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 Table of Contents  
EDITORIAL
Year : 2019  |  Volume : 5  |  Issue : 4  |  Page : 133-137

The promise of virtual reality in health-care education and training: It's all in the neuroscience


1 Cognitive Design and Statistical Consulting LLC, Austin, Texas, USA
2 IKONA Health, Inc., New York City, New York, USA

Date of Submission13-Nov-2019
Date of Decision29-Nov-2019
Date of Acceptance06-Dec-2019
Date of Web Publication13-Apr-2020

Correspondence Address:
Todd Maddox
Immersive Learning and Data Scientist, IKONA Health Inc., One Penn Plaza #6243, New York, NY 10119
USA
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Source of Support: None, Conflict of Interest: None


DOI: 10.4103/digm.digm_26_19

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How to cite this article:
Maddox T, Fitzpatrick T. The promise of virtual reality in health-care education and training: It's all in the neuroscience. Digit Med 2019;5:133-7

How to cite this URL:
Maddox T, Fitzpatrick T. The promise of virtual reality in health-care education and training: It's all in the neuroscience. Digit Med [serial online] 2019 [cited 2020 Jul 11];5:133-7. Available from: http://www.digitmedicine.com/text.asp?2019/5/4/133/282370






  Introduction Top


In this editorial, we discuss the promise of virtual reality (VR) as an effective education and training tool in health care. We review the neurobiology of learning and performance and show that VR broadly engages multiple learning and performance systems in the brain in synchrony. This “spreads the wealth” of educational and training opportunities across the brain while simultaneously “reducing the burden” on cognitive processing systems in the brain. We argue that traditional approaches to health-care education and training are suboptimal because they target almost exclusively cognitive learning and performance systems in the brain, whereas VR targets a broad and comprehensive array of learning and performance systems in the brain.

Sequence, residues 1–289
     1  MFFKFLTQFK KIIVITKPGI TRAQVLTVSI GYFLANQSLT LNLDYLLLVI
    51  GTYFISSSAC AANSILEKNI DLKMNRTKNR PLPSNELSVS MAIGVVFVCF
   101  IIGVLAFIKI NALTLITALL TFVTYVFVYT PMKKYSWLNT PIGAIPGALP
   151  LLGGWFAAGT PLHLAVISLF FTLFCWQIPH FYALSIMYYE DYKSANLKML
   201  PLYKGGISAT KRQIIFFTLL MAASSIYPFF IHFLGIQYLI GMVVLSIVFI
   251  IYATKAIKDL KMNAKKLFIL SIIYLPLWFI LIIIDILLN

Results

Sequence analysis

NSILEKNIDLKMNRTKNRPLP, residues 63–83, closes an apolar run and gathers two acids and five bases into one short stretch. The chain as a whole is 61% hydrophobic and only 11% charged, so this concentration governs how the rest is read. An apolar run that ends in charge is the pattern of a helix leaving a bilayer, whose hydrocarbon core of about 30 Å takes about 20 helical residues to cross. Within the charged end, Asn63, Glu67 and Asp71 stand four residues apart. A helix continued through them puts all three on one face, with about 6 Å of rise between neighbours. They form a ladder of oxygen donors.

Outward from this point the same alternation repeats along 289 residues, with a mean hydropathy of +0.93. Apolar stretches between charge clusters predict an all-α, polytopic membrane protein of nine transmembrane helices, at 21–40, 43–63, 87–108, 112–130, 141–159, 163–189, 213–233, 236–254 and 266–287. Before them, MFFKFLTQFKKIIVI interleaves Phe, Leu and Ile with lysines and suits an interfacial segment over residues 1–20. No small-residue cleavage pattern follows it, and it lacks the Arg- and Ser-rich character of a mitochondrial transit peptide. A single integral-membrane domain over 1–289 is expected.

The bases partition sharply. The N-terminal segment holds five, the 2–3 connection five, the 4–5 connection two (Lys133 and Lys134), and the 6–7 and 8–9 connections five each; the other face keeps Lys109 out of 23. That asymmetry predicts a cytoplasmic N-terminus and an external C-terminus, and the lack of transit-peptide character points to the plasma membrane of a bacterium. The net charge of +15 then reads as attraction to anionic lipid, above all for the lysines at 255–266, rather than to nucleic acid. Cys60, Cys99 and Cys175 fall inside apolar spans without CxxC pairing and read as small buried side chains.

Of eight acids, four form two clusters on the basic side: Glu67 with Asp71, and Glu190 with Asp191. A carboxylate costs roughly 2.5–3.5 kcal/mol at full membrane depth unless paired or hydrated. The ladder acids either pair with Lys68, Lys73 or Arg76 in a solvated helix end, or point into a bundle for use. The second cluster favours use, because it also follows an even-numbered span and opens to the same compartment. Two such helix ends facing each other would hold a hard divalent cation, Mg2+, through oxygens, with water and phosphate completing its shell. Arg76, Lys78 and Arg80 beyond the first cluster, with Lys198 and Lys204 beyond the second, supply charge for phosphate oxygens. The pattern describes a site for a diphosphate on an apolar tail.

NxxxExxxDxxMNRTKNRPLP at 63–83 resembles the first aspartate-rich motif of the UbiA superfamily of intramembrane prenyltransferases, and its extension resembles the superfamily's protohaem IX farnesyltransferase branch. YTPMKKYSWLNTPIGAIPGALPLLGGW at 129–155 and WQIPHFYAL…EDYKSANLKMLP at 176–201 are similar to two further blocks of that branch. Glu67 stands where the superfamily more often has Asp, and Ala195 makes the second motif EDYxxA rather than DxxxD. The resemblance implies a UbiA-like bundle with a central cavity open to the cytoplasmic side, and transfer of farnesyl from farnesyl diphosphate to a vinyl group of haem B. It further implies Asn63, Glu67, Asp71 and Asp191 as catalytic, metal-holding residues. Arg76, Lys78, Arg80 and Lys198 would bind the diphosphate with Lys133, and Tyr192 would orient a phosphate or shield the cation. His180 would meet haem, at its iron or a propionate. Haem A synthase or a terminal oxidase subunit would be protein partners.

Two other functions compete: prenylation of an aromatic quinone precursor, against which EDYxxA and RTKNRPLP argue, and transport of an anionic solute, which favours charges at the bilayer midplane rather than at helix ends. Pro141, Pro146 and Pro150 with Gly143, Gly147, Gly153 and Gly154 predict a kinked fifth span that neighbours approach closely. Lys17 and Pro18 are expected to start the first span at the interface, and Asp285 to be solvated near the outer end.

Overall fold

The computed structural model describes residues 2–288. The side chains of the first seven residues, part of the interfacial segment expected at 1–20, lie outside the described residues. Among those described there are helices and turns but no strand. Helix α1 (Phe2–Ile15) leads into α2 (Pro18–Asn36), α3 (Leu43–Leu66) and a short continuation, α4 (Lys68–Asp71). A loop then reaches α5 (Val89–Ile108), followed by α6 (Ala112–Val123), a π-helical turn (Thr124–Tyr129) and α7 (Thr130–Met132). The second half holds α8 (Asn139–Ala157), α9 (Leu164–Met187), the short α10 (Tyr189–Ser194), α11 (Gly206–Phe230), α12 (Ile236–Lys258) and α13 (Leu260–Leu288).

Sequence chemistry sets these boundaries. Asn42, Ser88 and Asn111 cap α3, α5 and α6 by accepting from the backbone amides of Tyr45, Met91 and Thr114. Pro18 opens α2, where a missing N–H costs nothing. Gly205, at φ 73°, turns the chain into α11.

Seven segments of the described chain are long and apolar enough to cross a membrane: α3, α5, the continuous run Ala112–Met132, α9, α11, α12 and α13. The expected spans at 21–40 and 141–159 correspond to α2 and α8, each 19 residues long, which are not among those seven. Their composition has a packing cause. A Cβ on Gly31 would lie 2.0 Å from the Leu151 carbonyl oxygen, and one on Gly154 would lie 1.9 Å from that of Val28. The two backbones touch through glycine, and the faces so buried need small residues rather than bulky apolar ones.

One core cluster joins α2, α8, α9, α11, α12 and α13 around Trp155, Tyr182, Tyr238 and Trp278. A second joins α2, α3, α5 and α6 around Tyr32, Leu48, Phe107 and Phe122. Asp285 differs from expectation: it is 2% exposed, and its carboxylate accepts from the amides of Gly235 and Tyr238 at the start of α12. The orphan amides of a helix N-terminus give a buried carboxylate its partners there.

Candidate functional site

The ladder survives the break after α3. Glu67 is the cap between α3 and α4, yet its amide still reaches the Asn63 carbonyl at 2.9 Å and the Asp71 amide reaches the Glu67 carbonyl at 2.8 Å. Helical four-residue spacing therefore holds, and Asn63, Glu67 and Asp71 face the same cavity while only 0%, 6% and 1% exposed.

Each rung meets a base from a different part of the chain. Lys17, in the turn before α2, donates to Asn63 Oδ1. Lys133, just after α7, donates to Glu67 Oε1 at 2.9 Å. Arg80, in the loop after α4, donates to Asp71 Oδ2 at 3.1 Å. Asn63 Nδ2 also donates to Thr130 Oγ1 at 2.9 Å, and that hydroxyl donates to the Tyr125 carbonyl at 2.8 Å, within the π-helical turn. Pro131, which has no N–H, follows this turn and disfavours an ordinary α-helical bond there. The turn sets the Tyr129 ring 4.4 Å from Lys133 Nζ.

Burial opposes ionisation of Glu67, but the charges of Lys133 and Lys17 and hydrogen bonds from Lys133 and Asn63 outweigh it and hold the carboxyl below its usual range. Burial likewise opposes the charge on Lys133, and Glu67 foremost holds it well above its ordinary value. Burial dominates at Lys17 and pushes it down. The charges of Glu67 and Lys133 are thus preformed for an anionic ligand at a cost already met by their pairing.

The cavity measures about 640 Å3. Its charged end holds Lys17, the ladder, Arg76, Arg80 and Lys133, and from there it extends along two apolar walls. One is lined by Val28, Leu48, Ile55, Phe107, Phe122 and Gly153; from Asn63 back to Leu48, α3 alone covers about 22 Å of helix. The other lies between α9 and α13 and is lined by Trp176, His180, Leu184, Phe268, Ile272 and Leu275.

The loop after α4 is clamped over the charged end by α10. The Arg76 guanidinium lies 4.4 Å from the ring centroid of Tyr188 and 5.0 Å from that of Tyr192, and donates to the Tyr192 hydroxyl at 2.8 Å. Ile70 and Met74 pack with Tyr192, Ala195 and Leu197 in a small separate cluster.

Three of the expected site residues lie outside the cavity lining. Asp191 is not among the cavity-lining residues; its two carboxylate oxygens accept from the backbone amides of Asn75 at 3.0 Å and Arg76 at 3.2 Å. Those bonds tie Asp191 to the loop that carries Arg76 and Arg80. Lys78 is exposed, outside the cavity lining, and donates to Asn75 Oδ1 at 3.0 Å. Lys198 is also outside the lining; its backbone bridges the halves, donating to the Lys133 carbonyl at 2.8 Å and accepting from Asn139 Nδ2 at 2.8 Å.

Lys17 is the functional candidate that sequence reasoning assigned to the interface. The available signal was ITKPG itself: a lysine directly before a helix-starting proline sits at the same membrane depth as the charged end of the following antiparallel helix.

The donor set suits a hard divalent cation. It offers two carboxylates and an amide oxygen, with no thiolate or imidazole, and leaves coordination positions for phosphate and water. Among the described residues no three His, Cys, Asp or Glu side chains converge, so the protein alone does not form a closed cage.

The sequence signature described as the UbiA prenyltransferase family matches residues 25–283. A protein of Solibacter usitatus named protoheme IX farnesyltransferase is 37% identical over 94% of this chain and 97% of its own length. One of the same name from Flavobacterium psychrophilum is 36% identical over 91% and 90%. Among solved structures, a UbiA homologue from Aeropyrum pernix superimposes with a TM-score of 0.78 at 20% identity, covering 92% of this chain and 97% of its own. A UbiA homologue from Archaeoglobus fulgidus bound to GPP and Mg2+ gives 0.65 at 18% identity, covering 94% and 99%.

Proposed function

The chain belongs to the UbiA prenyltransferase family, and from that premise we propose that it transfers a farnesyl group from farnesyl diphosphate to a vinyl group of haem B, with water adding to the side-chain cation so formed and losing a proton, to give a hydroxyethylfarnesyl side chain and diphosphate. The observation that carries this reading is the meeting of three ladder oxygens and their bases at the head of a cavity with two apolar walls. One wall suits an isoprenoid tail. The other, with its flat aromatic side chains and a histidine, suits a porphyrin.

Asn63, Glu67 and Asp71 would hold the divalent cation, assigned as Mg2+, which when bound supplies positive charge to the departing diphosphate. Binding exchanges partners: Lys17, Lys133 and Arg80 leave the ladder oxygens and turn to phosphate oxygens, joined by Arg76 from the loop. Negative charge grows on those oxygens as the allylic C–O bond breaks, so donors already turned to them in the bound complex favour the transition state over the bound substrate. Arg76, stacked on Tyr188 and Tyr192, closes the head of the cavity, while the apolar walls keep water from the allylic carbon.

The Problem of Health-Care Education and Training Top


Education and training of patients and health-care professionals is critical for providing high-quality care and for achieving successful healthcare outcomes. Patients need education and training on issues such as preoperative, perioperative, and postoperative surgical procedures, the side effects of medications and drug interactions, the proper use of medical devices, such as a colostomy bag or a peritoneal dialysis machine, and the cognitive, emotional, and physical changes associated with various disorders or normal aging, to name a few.

Health-care professionals need education and training not only on these same topics but also on health insurance portability and accountability act (HIPPA) compliance, medical procedures such as venipuncture or the care and maintenance of a central line, surgical techniques, and most importantly interpersonal skills such as effective communication, leadership, and empathy.